This isn’t to say that Cherry is the only brand that you should consider. The reason we mention Cherry is because they are brand you might be familiar with and are typically used in mainstream keyboards made by companies.
The mechanical keyboard community has grown over the years where there are many other brands by Kailh, Gateron, and Durock (just to name a few) that have created their own lineup of switches that are viewed “superior” to the more mainstream Cherry switches. This includes switches like Zeal’s Zealios/Tealios series, Novelkey Creams, Holy Pandas, Alpacas, T1s, H1s, and so on.
In terms of picking the right switch for you, it really boils down to personal preference. Just because there is a switch that is currently trending doesn’t mean that it is for you. For example, there are many enthusiasts who are more than happy with Cherry’s MX Blacks, so what’s right for someone doesn’t mean that it is right for you.
There are also things like actuation force and spring weight to take into consideration. Most aftermarket switches are rated by their bottom-out force, meaning how much force is required for users to press the switch till it hits the bottom. Some might prefer lighter switches to type faster or to game better, while others prefer heavier switches, which once again, is entirely up to you and which you prefer.
Some enthusiasts take it a step further by buying different weighted springs to mod a switch more towards their personal preference, while others will also lube the switches to make them operate smoother and also reduce the scratchiness that some switches might exhibit.
Switches these days are also being made out of a variety of different plastics due to the belief that certain plastics feel smoother or sound better, but generally speaking, switches are something you need to try for yourself in order to get a better understanding. Picking up a switch tester kit might not be a bad idea if you’re new to the hobby and want to see what options are available out there before fully committing yourself to a particular switch.
Which Keycaps Should You Get?
One of the fun parts of building a custom mechanical keyboard is being able to pick your own keycaps. Given that the keycaps are what you’ll be looking at most of the time, it’s important to pick one that you like. Unfortunately, similar to keyboard cases, a lot of keycaps tend to be run as groupbuys and more often than not, once you’ve missed the boat on these, you’ll probably never see them run again.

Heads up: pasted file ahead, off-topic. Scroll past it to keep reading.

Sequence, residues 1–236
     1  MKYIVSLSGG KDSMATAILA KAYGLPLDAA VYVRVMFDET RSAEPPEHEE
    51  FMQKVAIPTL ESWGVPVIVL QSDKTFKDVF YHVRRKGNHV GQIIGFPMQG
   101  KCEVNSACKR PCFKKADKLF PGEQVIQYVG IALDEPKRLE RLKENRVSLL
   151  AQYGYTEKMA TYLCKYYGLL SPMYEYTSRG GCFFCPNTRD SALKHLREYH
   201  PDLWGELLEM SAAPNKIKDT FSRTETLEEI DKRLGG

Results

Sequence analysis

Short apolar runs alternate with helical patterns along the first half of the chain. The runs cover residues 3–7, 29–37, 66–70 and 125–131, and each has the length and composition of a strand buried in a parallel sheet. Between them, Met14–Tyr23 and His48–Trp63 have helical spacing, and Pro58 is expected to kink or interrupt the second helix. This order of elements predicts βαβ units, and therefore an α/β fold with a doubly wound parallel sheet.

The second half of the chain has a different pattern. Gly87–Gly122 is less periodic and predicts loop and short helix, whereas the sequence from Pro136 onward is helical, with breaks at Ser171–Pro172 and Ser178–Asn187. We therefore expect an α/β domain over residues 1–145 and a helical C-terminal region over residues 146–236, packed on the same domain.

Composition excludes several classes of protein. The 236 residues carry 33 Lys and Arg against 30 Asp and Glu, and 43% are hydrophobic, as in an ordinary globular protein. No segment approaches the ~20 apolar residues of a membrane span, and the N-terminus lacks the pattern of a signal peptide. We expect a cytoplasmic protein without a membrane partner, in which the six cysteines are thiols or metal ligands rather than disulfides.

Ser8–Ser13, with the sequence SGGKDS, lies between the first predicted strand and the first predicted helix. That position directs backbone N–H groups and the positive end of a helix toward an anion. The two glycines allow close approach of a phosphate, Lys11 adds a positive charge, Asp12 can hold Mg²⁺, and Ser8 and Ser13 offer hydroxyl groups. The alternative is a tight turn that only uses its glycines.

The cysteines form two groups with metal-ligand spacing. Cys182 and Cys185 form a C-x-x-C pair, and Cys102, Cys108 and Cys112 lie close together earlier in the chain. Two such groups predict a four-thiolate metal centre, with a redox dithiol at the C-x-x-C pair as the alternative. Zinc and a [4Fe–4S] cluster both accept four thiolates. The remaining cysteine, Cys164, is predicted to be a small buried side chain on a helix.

Keycaps also come in different “profiles”. For the most part, the majority of mechanical keyboards being sold today by the likes of Razer or Logitech typically use what is known as “OEM” or “Cherry” profile keyboards.
There are other profiles such as SA which are taller and resemble typewriter style keys, and there are also XDA profile keycaps which are flatter. There is no “better” profile and it all depends on your personal preference and the aesthetic that you’re trying to go for. Some of the more popular profiles include SA and GMK, although it should be noted that GMK is actually a company that mainly manufactures switches in Cherry profile, but because they are so synonymous with the profile that some simply refer to them as “GMK” to indicate a Cherry profile.
Keycaps are also made with different materials, such as ABS or PBT. There is a lot of debate between either material, with PBT typically being viewed as more “durable” due to them being made of thicker material. They also do not adopt a shine over time with use as is the case with ABS, but the downside is that the color options of PBT might be a bit more limited than ABS due to its manufacturing process.